Having covered both dungeon exploration and stress, let's talk about the actual combat. The way it works is that both sides have 4 positions, from the first labelled with 1 to the last labelled with 4. Each class skill can be used from a set of positions on the player's side and affects a set of positions on the enemy's side. As I've mentioned before, it is great fun to figure out different party compositions with adventurers that take advantage of certain positions, as there are also synergies between different classes (for example, the Houndmaster can mark a target and the Bounty Hunter can collect a bounty of that target, dealing double damage; or a Jester buffs the party with extra attack Accuracy, thus covering the major weak spot of the Leper, his low Accuracy). Naturally, you would have a healer or ranged adventurer in the back (a Vestal or Occultist or an Arbalest) and a frontliner in the first position (the tanky Man-at-Arms or Leper), but the possibilities are ample.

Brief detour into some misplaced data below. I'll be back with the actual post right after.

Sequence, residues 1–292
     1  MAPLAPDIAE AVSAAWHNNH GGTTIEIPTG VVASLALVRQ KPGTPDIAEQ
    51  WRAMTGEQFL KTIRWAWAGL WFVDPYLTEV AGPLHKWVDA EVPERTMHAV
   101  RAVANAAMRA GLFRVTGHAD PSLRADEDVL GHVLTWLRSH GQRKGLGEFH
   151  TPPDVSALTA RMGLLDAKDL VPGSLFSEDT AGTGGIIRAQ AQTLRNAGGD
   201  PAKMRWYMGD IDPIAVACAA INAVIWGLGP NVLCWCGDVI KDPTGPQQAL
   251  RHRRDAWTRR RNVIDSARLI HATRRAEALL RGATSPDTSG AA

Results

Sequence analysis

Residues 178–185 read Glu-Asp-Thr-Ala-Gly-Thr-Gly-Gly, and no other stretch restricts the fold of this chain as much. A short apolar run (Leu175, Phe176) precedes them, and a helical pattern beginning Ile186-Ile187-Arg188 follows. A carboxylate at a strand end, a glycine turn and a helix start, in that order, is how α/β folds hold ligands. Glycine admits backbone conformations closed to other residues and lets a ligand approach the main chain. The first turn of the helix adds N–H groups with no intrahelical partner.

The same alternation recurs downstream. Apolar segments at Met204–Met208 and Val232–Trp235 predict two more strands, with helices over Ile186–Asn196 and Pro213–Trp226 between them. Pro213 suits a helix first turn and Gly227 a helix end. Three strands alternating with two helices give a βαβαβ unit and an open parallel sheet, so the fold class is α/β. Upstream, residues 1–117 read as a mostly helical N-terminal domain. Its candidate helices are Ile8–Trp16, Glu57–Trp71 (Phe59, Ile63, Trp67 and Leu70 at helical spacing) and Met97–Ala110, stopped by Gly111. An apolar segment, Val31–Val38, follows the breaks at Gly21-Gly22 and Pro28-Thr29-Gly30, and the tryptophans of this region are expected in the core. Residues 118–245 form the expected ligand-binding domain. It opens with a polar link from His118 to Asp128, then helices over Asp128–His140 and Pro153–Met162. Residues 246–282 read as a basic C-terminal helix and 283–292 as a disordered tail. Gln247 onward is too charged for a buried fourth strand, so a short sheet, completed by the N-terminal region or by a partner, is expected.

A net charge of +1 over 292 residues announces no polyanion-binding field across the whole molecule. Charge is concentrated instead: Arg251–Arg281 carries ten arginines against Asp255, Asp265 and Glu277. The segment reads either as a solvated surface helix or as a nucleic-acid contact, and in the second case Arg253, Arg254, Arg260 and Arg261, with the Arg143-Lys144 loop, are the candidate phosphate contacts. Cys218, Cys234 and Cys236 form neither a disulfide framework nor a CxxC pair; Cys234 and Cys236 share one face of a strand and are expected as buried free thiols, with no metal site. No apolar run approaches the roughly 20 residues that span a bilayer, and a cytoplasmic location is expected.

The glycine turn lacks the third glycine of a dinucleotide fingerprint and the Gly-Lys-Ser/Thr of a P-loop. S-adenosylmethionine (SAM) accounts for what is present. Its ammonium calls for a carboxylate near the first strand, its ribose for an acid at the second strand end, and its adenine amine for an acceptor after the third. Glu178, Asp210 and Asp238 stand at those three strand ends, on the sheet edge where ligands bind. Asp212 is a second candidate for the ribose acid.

Combat is turn based, with each side attacking in turn with its members, although the Speed stat can determine how often/fast each of those members attacks. I have to say that I enjoyed the boss fights in Darkest Dungeon, which all come with interesting and different mechanics while being pretty difficult. Out of them, my favourites are Brigand Pounder (a cannon accompanied by a squad of soldiers where you must prevent the Matchman from firing it, unless the party takes massive damage) and the Swine Prince (who is accompanied by Wilbur, a piglet who marks party members for extra damage and enrages the boss if attacked, causing his attacks to become AoE). Overall, combat is very challenging (although sometimes RNG can screw you royally) and I found it important to always enter a dungeon prepared with a party composition that takes advantage of the weaknesses of the enemies specific to that type of zone. You also have to learn which enemies should be focused first and when it is better to CC or heal rather than deal straight damage. Failure to learn these lessons will result in heroes permanently dying, since the game has only one save slot and autosaves often, hence its unforgiving nature.